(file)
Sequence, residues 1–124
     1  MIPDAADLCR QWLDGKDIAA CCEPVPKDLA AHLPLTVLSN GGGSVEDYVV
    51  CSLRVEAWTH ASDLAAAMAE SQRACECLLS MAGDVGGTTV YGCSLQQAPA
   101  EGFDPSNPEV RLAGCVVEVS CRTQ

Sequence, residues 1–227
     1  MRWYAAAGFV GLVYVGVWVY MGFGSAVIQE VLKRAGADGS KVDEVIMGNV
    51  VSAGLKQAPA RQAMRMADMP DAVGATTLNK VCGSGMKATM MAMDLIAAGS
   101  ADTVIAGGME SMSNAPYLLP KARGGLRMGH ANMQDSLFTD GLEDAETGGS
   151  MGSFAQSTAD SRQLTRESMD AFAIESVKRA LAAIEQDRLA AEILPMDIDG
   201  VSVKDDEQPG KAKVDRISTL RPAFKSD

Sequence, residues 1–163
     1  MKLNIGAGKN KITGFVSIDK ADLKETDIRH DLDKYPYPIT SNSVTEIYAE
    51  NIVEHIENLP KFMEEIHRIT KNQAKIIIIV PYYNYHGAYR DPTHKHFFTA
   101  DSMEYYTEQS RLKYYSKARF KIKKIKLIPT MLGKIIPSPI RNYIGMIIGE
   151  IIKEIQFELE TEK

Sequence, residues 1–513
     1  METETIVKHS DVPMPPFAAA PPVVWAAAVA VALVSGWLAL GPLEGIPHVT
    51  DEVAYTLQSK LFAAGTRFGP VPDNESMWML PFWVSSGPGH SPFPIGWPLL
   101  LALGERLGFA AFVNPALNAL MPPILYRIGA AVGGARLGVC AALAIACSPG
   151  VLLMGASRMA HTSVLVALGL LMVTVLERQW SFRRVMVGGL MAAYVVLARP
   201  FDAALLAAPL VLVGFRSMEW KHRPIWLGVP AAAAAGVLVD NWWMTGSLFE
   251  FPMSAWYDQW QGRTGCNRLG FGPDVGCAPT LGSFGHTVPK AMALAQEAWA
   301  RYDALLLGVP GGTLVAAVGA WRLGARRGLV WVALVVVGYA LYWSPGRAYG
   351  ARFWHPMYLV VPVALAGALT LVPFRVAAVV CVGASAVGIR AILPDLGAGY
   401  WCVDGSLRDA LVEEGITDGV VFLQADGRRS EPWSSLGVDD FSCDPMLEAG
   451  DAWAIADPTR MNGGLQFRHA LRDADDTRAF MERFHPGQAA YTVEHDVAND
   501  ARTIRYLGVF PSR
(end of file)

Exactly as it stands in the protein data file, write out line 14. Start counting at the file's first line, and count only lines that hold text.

   101  DSMEYYTEQS RLKYYSKARF KIKKIKLIPT MLGKIIPSPI RNYIGMIIGE